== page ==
As the push heats up to pass the Republican tax bill, analysts are predicting that many Michiganders will lose out, particularly those most in need.

According to the Michigan League for Public Policy, under both the plan that passed the U.S. House earlier this month and the bill set to be discussed in the Senate this week, the wealthiest 1 percent of Michiganders will benefit the most, while those towards the bottom of the wage scale will be negatively affected.

Rachel Richards, the league’s legislative coordinator, says the Senate plan, which includes a repeal of the individual health care mandate, would result in nearly 400,000 people statewide losing their health care. "We anticipate premiums on the marketplace to rise by about $1,520 for a family of four, and we would likely see cuts to Medicare nearing $1 billion in order to pay for these changes."

Analysts expect either plan would raise the deficit by as much as $1.5 trillion over the next 10 years. Republicans say the massive corporate tax cuts will spur economic growth and stimulate the job market, although many leading economists argue that has not happened with previous cuts and they have little reason to believe it will happen with this one.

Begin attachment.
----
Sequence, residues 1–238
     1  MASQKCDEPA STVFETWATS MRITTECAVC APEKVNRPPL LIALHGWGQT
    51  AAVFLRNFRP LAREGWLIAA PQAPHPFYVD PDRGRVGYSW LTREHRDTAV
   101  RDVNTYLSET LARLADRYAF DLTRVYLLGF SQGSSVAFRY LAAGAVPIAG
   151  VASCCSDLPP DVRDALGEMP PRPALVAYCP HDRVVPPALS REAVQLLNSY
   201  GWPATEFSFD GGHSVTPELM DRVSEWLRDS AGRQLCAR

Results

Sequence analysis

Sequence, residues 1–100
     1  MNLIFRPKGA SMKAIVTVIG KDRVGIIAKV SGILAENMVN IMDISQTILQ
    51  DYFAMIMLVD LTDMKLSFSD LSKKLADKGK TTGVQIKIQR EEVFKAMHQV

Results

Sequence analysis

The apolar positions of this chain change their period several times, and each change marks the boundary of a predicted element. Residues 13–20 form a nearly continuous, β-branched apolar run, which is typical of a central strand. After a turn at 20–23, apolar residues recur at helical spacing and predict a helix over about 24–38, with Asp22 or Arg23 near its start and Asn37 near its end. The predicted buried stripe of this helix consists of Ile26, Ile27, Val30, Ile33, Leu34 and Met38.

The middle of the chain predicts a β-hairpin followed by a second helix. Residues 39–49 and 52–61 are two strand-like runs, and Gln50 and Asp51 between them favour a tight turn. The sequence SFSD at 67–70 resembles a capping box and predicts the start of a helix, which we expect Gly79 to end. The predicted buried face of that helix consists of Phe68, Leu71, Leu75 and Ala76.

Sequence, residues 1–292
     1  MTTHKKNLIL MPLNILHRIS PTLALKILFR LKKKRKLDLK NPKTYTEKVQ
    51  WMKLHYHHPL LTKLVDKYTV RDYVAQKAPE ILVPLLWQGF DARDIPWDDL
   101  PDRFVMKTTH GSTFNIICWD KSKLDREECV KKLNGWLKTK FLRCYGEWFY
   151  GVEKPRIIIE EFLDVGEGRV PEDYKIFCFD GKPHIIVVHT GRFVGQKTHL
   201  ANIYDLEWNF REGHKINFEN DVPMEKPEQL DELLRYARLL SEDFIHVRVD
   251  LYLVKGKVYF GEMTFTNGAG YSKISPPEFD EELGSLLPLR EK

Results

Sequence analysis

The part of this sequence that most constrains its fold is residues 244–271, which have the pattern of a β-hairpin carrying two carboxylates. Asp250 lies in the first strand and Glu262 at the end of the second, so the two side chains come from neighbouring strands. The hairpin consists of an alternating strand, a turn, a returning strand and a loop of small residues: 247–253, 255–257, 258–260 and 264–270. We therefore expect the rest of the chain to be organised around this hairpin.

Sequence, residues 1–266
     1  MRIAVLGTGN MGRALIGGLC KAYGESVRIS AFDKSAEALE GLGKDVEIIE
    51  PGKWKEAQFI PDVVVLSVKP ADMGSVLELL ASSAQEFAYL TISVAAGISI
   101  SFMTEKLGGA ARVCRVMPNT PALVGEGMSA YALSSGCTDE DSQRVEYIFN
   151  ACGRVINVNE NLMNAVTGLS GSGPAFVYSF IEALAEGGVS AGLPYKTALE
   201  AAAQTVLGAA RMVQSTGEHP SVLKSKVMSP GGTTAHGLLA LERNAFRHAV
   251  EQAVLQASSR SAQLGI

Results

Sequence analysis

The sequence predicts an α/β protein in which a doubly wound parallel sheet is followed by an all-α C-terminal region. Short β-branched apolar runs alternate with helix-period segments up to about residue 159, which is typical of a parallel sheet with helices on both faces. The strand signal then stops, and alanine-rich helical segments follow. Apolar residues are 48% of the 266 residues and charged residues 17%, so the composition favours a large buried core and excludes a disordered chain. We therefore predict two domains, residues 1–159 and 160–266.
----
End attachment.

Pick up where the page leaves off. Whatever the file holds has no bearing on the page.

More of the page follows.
Richards adds that a deficit that large would leave lawmakers no choice but to "right size" the budget, which she says would result in drastic cuts that will be felt by all. "Education services, food assistance, basic cash assistance, infrastructure funding, health care. It's going to impact the quality of life on pretty much every Michigan resident."

Both U.S. Sens. Gary Peters and Debbie Stabenow, Democrats of Michigan, have come out against the Senate bill, while 8th District Republican Congressman Mike Bishop, who sits on the tax-writing House Ways and Means Committee, is a strong supporter of the House version. Bishop says the average family in the 8th District would see a $2,786 reduction in taxes, adding that the plan will boost local job creators to expand their operations, increase wages and hire more people. A vote on the bill could come as soon as Thursday. Public News Service Contributed to this story. (JK)